This pattern is free of charge! It’s sized for girls and women and you can print just one size at a time which meant I only printed 19 pages (plus instructions). Nineteen pages seems like a breeze after some of the 35-page t-shirt patterns I’ve encountered lately.



We moved late in the spring (yes, with everything going on in the world!) and I’m now in Pennsylvania where there are actual winters with snow (I am honestly thrilled!). Although I did buy some cold-weather fabrics when we lived in Atlanta, sweaters were a novelty worn only for a couple of hours on the coldest days (55F? brrrr) so I had to reign myself in when I looked at winter fabric catalogues. No more! I am enjoying looking at and seriously considering heavier and warmer fabrics and found this “Black/Lavender/Blush Mauve/Evergreen Brushed Sweater Knit” from Julie’s Picks at FabricMart Fabrics. I managed to snag the last 3 yards of it ($7.99 per yard). 👏🏻

I received the fabric in the mail around December 10th and when we got 8″ of snow last week and the temperatures fell (and stayed) well below freezing I knew it was time to sew it up. I didn’t want to make yet another Toaster Sweater so I kept digging and found this pattern. It looked easy and that’s important these days because my brain just feels foggy with the way the last 10 months have gone.


I had no idea how this top would fit. Reviews and photos made it look quite big so I planned to cut a smaller size at the shoulders and taper out to an AA at the waist/belly. I had forgotten that when I printed out the pattern sheets I had only selected one – AA – so that’s what I went with. As it turned out, that was the right size.

Almost the entire garment was sewn on my serger except I did use my sewing machine to baste together the neckband before attaching it to the bodice.

Speaking of the neck band, the pattern piece isn’t loose fitting like a cowl or polo neck – it’s a turtleneck and those are very uncomfortable for me. After looking at several different “turtleneck to cowl neck” tutorials online, I just decided to make my own. 

As designed, the neck band piece is a rectangle (left photo below). Just like with most knit neckbands, you stitch together the back seam, fold the band in half horizontally and stitch the band to the neck opening.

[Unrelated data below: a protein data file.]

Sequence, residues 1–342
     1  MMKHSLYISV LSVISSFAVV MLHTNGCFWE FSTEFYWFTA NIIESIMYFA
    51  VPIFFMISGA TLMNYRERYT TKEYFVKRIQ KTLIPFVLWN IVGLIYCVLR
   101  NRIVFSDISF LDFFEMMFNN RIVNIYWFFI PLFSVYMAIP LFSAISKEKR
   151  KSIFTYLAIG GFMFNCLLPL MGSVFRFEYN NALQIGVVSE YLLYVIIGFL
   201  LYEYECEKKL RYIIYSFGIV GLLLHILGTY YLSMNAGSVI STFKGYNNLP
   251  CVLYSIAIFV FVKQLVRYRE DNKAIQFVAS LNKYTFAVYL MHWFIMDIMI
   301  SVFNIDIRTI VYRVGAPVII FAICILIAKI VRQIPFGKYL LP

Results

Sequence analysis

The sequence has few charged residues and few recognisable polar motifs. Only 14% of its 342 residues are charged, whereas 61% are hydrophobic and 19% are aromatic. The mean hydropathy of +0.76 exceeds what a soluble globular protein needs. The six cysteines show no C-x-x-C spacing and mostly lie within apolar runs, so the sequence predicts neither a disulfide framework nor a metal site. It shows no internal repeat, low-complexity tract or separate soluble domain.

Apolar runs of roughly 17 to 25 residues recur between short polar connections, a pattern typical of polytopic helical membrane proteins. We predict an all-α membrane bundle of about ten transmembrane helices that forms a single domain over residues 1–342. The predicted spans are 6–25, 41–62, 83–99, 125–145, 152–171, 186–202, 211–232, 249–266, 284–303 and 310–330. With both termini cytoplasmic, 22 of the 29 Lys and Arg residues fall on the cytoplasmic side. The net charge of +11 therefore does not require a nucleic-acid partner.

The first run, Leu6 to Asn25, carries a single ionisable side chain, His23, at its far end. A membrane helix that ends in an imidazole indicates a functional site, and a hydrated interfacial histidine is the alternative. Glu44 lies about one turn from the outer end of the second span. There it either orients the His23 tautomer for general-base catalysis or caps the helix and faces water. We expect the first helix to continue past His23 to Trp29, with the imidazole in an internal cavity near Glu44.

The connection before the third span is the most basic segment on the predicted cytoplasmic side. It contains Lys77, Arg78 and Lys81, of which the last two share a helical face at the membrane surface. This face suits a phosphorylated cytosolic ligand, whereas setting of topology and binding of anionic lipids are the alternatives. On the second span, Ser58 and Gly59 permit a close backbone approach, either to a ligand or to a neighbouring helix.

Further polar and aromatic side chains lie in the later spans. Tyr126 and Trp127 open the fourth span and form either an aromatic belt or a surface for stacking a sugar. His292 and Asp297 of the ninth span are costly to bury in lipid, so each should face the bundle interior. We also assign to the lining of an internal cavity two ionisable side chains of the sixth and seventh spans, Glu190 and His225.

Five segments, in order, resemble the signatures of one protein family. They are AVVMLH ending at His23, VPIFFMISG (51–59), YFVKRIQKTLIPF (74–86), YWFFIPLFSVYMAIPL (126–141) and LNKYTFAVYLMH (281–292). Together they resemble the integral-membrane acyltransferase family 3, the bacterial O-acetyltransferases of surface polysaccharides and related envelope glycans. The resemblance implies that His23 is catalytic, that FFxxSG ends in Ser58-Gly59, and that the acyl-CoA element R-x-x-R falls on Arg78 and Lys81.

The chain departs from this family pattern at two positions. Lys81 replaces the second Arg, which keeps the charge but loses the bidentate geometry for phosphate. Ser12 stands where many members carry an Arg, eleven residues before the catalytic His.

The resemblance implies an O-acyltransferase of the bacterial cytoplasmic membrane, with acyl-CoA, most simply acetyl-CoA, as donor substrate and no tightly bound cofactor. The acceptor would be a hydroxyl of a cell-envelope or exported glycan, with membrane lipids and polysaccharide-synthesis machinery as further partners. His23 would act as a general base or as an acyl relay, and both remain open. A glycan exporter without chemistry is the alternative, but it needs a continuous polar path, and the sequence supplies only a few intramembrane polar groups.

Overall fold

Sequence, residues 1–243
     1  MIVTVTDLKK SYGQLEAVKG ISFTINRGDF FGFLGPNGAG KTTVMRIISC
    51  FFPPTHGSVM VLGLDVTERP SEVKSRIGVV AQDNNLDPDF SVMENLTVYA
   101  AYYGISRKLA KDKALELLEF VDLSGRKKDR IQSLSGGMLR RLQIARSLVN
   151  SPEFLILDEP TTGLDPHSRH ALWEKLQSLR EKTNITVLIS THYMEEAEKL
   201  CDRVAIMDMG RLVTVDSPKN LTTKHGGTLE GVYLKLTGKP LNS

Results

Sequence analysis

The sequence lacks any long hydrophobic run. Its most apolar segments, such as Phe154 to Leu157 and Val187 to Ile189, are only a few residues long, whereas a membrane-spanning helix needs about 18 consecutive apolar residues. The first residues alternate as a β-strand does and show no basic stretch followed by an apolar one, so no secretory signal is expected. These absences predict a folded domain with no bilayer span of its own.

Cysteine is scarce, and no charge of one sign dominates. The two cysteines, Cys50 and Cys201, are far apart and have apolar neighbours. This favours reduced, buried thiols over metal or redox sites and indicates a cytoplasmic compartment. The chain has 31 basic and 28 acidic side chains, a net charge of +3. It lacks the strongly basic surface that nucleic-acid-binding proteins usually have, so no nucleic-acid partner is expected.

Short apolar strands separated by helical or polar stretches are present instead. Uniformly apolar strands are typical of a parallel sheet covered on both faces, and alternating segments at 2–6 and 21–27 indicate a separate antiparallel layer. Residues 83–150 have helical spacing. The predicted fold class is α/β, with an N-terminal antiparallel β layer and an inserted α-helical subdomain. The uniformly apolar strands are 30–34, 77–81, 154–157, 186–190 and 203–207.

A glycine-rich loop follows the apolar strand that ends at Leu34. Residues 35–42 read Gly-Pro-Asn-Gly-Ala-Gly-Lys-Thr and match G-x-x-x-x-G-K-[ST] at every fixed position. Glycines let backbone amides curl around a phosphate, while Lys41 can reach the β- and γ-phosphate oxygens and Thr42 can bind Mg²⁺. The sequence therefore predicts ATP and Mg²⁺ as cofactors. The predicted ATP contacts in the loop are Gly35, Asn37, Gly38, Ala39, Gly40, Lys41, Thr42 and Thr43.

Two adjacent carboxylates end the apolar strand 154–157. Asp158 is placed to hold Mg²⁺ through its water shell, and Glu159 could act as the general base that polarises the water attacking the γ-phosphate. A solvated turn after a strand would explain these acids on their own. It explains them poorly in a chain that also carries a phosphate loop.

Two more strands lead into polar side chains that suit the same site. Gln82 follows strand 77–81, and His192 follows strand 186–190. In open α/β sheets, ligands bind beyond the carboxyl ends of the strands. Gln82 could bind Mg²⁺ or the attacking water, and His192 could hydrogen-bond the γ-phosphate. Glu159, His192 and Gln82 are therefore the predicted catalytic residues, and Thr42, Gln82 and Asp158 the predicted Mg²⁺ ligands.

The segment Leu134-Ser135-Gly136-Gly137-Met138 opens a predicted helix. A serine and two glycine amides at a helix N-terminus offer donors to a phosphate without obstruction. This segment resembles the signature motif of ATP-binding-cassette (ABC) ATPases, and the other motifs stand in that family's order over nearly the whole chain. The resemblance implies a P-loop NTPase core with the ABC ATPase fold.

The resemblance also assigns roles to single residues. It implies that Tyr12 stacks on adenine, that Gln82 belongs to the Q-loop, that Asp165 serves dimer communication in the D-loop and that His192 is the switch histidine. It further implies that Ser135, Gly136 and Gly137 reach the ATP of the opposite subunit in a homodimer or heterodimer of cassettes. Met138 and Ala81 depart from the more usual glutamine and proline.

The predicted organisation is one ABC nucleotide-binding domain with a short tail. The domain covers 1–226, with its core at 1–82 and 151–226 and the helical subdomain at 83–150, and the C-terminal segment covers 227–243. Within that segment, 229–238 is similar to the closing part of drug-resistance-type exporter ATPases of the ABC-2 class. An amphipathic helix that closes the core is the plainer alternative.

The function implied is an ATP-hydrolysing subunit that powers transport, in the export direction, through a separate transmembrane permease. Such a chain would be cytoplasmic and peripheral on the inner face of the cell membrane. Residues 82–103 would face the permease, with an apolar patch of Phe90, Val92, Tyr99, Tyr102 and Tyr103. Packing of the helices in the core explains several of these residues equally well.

To make my adjustment I traced the existing pattern piece onto paper. Then I marked a spot 2″ wider at the top/fold of the neckband and drew a line from the stitching edge to that edge. The band folds over at the point on the left side of the pattern piece (middle photo below). This gave me a big more room around my neck and that worked just fine. It’s not a cowl but is much more comfortable than the original turtleneck.


I sewed the seams on my serger and hems on my coverstitch. Oh, my coverstitch was so kind to me on this one! It worked perfectly without a single skipped stitch and no tunneling! We are truly becoming friends 🙂 

The last task was to sew the hems on the sleeves and, as noted on the pattern, the sleeves are slim. They are not tight on me but they fit. Personally, I think this gives the top more of a Ready To Wear look. Sometimes home sewn patterns have big old sleeves that could be designed to fit better.

The sleeves were very long. My arms are average length, maybe a smidge closer to long than short. I wound up taking off a good inch extra from the length of the sleeves.

I cut the top on Sunday night, sewed it Monday night and wore it Tuesday. THAT is how I like to sew! 

This isn’t a super warm sweater because it’s a bit voluminous and that means a cold wind can whip up your back, but the fabric is cosy and comfortable and I will definitely wear it a lot this winter. And now that I know how easy it is to sew this pattern, I’ll make more!